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Product: Book - Paperback
Title: The Non-Designer's Design Book, Second Edition
Publisher: Peachpit Press
Authors: Robin Williams
Rating: 5/5
Customer opinion - 5 stars out of 5
This is the best that I've seen....

If you are a professional, this book serves as a great refresher. If you are a novice, you can painlessly learn more from this book than any other that I've seen. In addition, it is a great typography reference. Someone with no previous knowledge can read the book, then immediately apply the principles. I highly recomend it!

Product: Book - Hardcover
Title: Human Factors Design Handbook
Publisher: McGraw-Hill Professional
Authors: Wesley E. Woodson, Peggy Tillman, Barry Tillman
Rating: 5/5
Customer opinion - 5 stars out of 5
Good News!

A review of our book stated that the body measurement data came from 1960 Air Force studies. The reviewer should be pleased to know that the book actually contains some of the latest anthropometric data available for the U.S. population. Just before publication of the Human Factors Design Handbook, the U.S. Army completed measurements of nearly 9000 subjects. These data are contained in our book. While this is not a profile of the civilian population (male and female subjects ranged from age 18 to 51), it does provide fairly good estimates. Unfortunately, even now there is no comprehensive survey data for United States civilian population. Currently the Society of Automotive Engineers is coordinating a massive survey of United States and European civilian populations. The project participants include Wright-Patterson Air Force Base and several industrial partners. The survey is called the Civilian American and European Surface Anthropometry Resource, or CAESARTM and data should be available late in 2001.
Just before updating the Human Factors Design Handbook, the author completed development of NASA's Man-Systems Integration Standards. This is the NASA "bible" of human factors design guidelines. Readers should feel confident in that these resources and data (including anthropometrics) were integrated throughout the revised edition of the Human Factors Design Handbook.

Product: Book - Paperback
Title: Designing Web Usability : The Practice of Simplicity
Publisher: New Riders Press
Authors: Jakob Nielsen
Rating: 5/5
Customer opinion - 5 stars out of 5
Designer Sin No More

Jakob Nielsen's Designing Web Usability is a highly readable look at a wide variety of issues affecting usability of web sites. While I didn't agree with every single thing in the book, it does a great job of raising many usability issues that may not come to mind for many designers. In the future, when designing a site, I plan to skim through the book again as a check to make sure I have considered various usability concerns.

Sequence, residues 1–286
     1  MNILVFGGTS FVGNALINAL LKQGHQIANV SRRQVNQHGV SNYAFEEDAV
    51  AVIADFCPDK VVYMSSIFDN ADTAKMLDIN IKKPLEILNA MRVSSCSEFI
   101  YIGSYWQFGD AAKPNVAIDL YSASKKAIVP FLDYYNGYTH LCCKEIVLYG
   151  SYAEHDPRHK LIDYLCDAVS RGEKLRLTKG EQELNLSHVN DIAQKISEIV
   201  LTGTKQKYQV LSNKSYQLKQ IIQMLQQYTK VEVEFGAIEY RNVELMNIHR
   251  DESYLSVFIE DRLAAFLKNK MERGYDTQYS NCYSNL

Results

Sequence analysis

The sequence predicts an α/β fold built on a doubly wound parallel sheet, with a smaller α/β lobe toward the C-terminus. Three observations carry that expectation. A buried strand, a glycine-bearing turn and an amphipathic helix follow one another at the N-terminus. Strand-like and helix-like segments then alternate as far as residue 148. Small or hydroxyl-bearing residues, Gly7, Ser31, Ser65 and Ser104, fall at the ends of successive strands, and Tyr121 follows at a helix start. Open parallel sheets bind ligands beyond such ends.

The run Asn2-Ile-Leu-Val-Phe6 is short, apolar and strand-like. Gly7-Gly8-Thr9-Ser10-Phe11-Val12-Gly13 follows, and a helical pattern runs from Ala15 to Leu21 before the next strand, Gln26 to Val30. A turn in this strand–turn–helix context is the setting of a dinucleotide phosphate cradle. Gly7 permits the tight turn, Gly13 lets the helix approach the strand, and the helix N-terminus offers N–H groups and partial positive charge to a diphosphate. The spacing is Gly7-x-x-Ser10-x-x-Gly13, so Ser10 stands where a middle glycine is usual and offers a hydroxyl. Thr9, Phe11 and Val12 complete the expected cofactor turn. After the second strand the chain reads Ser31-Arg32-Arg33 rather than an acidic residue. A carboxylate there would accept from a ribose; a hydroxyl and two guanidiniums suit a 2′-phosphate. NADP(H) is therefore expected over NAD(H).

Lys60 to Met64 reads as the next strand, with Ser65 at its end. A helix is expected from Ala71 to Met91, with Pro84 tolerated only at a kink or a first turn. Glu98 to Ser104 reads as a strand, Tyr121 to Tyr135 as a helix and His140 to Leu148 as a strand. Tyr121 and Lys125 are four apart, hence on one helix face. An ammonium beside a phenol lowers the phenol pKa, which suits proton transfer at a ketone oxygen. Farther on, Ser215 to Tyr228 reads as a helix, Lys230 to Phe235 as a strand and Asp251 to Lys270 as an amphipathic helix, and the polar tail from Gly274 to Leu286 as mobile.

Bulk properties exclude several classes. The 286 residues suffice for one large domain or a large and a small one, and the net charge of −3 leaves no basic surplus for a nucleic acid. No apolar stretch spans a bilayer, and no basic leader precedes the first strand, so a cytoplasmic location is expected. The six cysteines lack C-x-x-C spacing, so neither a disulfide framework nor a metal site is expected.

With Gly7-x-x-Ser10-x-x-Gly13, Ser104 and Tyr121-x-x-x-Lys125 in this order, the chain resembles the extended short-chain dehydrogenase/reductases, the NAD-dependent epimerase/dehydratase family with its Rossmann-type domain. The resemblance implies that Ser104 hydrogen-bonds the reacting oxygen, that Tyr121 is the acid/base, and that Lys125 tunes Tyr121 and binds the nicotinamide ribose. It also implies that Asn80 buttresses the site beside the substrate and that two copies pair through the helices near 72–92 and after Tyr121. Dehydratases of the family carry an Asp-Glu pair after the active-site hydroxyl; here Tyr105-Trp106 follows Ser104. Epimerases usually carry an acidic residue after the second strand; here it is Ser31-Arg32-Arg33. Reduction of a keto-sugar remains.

One thing I have to say, though, get ready for that pang of panic when Jakob points out various usability issues that may just never have crossed your mind and you think of all the site you've got out there right now that violate his "rules." I admit I don't sleep quite as soundly now that my eyes have been opened to all the evil I've done.
If you are designing web sites for a living, you need this book just as much as you need a book on the rules of grammer and punctuation if you write for a living. You may not follow every rule on every occasion, but you need a good reference to know what the rules should be.

Product: Book - Paperback
Title: Web Navigation: Designing the User Experience
Publisher: O'Reilly
Authors: Jennifer Fleming
Rating: 5/5
Customer opinion - 5 stars out of 5
Not what I expected. (Better, though.)

When I first heard (six months ago) that someone was writing an entire book about web site navigation, I have to admit I was pretty jazzed. After all, web navigation is something I spend several hours a day thinking about, and there's almost nothing useful written about it. (I make my living reviewing web site designs to make sure that human beings stand a chance of being able to use them. It's a great job.) I figured this had to be just the book I was looking for: endless discussions of whether sites should be wide or deep, how many items you can fit on a navigation bar without scaring users off, whether JavaScript rollovers help or hurt, and so on. Lots of diagrams and flow charts.
So I have to admit that I was more than a little bummed when it finally arrived: it just wasn't the book I was hoping for. (In the interest of full disclosure, while I was waiting I sought Jennifer out to consult on a particularly thorny project of mine. She was very helpful.) But the good news is it only took a few minutes to get over my disappointment. As soon as I started reading, I realized that what she's written is actually a much more interesting book than the one I had in mind, and one that's valuable to a lot more people. Even though the title is "Web Navigation," the subtitle ("Designing the User Experience") is what it's really about. It explains (and shows by example) how to grapple with a much more important issue than what your navigation looks like--namely: figuring out your users' goals-what they hope to accomplish at your site-and then designing an experience that meets those goals. (Hint: navigation's just a part of it.) And since it's broken down into chapters for different types of sites (like entertainment, shopping, community, and so on), you don't even have to read the whole thing--although you'll probably want to. Buy this book and Information Architecture for the World Wide Web and spend a long weekend reading both of them. You'll know what you need to know.